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Tutorial Termux Guide Update


Jun 9, 2017
Termux Guide Update

softbrick phone ko guys kaya gawa muna ako ng magulong tut para sa inyo. Practice ko nadin tong BBCode. start na agad..

Termux CMDLine Basic
first of all there are 2 types of variables, the shell variables which are set by the shell and is required for the shell to function properly. The other type is the normal variables or the user-defined variables.

System variables are set at runtime either by the system or by scripts set to run when you open the terminal(termux app).
this system variables include but are not limited to, HOME, PS1, PATH, USER and many more. Now, say you want to see what the value of a variable is, how would you go about doing so? simple. Just run
#to see the what's inside the HOME variable run
echo $HOME
#to see the contents of PATH do
echo $PATH

User-defined variables are the variables that you personally set. This can be done with or without the export command
for example:
# Let's define a variable named Sore_Scythe and set its value to Pogi
export Sore_Scythe=Pogi
echo $Sore_Scythe
# It works just as well without the export command
echo $Sore_Scythe

Now how would we go about deleting this variable? just as easy.
# to delete the variable completely
unset Sore_Scythe

# if you just want to erase the content of the variable
export Sore_Scythe=
# or

pretty simple right? but why would you need to know these stuff?
well you'd wanna know this if you like to mess around with the terminal or other termux users or maybe even linux users.

but before that let's see what some of these system variables are used for.

PS1 contains the template for the command input/prompt. basically, you type the commands after this variable its that thingy you always see
# [u0_a187] is different for everyone and is based on the termux apps position in the app hierarchy(can be same though)
# [@] is just a separator and can be changed to almost anything.
# [localhost] is the hostname of your device
# [:] is just another seperator
# [$] just to signify the end and where the commands you type appear
you can make your own prompt on these sites
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the PATH variable is a list of paths divided by ":", these paths usually contain the commands that you are using, this is also where you add a path to the folder where you store your scripts. The normal content of the PATH variable in termux is:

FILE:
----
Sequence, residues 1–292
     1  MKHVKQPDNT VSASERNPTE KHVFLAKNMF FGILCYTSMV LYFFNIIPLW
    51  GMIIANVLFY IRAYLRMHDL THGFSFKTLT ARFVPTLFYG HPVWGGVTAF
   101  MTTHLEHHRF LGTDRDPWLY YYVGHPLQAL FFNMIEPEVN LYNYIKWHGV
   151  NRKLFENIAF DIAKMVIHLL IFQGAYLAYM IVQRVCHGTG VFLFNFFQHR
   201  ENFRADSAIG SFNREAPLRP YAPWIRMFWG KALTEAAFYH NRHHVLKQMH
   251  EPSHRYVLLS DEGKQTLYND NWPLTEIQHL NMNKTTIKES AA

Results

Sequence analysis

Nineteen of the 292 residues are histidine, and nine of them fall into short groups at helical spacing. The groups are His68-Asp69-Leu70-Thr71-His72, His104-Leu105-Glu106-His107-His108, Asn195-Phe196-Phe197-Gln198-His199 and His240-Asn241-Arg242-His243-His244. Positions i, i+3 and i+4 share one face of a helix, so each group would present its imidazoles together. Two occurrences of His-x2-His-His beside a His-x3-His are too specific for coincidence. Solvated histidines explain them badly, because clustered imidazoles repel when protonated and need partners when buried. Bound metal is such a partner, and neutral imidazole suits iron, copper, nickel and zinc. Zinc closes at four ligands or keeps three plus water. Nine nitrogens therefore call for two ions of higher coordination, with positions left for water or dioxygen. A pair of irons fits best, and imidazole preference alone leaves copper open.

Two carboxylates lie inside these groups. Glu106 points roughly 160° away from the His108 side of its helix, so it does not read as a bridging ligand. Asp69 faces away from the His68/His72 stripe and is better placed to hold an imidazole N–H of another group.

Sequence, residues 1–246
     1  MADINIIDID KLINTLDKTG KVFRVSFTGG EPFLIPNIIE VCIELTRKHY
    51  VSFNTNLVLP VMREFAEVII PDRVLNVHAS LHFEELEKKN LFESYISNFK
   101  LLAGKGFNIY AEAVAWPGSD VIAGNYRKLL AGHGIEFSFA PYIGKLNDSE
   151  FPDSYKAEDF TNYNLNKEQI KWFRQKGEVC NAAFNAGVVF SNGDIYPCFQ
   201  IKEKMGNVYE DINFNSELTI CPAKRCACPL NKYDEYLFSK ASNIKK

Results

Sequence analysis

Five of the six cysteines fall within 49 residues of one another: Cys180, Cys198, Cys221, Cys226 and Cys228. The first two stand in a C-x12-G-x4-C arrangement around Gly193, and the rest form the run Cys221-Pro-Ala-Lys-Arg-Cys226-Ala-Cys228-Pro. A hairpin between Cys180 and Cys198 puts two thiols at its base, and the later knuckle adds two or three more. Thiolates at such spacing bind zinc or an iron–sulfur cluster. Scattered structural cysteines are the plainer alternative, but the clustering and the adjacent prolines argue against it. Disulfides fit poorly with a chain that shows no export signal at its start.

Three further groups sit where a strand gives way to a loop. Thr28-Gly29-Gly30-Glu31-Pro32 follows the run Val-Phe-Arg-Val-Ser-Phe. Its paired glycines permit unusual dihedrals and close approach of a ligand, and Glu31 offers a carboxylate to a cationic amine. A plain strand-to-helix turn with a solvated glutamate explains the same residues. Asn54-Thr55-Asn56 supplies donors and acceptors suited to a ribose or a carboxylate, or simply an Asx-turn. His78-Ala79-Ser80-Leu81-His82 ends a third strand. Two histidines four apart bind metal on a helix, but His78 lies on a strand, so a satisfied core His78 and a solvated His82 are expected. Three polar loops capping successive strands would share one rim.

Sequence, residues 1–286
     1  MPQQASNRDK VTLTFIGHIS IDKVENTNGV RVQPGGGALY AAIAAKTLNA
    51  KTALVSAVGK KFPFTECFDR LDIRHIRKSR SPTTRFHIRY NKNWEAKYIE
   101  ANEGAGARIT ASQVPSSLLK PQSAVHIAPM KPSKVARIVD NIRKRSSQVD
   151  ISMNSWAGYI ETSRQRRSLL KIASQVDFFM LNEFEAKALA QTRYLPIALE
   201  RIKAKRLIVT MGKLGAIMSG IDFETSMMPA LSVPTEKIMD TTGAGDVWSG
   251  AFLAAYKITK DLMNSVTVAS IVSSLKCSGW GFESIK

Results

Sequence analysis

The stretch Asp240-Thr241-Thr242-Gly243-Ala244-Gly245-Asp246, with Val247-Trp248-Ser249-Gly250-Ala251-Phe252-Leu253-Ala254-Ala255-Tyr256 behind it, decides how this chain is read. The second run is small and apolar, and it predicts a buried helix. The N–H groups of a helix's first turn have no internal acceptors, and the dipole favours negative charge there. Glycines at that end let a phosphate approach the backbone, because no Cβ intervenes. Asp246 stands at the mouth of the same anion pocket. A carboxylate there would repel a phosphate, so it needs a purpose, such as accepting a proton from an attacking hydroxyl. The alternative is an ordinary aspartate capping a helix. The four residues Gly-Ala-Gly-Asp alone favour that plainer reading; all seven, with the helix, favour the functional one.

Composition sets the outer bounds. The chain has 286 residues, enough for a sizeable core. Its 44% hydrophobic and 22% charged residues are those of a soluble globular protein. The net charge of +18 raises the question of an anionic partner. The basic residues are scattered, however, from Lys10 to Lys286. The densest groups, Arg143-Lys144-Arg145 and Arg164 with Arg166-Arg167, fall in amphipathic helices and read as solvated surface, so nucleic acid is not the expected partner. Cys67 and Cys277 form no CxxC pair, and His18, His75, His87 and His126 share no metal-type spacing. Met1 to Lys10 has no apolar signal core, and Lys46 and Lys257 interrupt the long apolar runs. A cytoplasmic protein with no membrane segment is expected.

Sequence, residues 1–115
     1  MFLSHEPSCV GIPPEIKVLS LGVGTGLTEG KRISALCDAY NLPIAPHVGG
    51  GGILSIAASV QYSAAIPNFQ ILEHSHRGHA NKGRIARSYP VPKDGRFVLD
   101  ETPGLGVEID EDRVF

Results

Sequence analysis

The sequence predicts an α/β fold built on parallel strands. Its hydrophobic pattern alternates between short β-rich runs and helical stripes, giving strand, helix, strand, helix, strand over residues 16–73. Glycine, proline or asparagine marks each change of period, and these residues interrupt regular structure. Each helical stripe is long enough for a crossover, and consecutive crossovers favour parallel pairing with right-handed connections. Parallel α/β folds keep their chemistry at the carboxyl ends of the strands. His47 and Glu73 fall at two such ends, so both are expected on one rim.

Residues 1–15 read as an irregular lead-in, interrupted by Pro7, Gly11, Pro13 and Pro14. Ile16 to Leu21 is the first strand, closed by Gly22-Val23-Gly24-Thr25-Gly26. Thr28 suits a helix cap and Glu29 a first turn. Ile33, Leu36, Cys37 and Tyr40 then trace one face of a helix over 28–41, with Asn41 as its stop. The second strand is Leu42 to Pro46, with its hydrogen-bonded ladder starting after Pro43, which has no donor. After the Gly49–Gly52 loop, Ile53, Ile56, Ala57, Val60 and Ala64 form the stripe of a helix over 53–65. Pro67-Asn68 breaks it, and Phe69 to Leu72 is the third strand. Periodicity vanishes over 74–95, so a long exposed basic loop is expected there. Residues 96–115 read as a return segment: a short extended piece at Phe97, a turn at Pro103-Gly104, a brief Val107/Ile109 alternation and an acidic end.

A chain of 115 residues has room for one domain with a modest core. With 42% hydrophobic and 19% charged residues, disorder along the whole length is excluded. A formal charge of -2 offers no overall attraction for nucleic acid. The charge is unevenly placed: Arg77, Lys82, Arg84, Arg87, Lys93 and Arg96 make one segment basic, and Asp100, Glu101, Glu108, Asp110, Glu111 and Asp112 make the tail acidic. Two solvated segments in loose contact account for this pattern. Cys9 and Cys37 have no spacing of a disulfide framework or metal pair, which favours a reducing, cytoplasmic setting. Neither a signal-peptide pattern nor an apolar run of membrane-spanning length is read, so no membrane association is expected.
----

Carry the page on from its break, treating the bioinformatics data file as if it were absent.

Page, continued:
# if i'm not wrong its
Say you have a folder that contains different scripts, this can be in various extensions like py, sh, pl, rb.
You can run it without going inside the folder as long as you append its path to the HOME variable. then, add execute permission to the script files. and finally, make sure you installed the interpreter and set the correct shebang inside the script.

# to add the bin folder which contains the scripts to the PATH variable is easy.
# just do this
export PATH="$PATH:$HOME/bin"

# this sets the path to the contents of the original then just sticks ":$HOME/bin" at the end.
# Btw HOME is another system variable and it usually has "/data/data/com.termux/files/home" inside it
# so "$HOME/bin" becomes "/data/data/com.termux/files/home/bin".
# now see the contents of PATH using the previous command somewhere above.

so how can we use this to mess around with someone?
well for example you could delete the contents of the PATH variable and see what happens.
you can delete the variable completely or just empty out the contents(commands above!!)
if you did it, try running other commands and see if you can get anything to work...

well, how'd it go? pissed yourself? if you can't fix it just exit the terminal(termux) and open it again.

that is one way to mess around with newbies but not as fun as deleting the contents of their storage(not gonna teach you, it's quite easy if you read the first mess of a guide I wrote)

btw if you wanna see all variables you have just run

Special Files & Folders
So has anyone here seen the .bashrc file? or maybe the motd file?
what are they for? welp the motd file is quite obvious if you managed to open it.

Let's talk about the .bashrc file...

it contains commands that run when you start the terminal. you can also define functions and aliases but that is usually done in the .bash_aliases file to avoid a messy bashrc.

to add something to the .bashrc file is simple as editing it with a text editor, just mind your syntax and whatnot because it's just a script.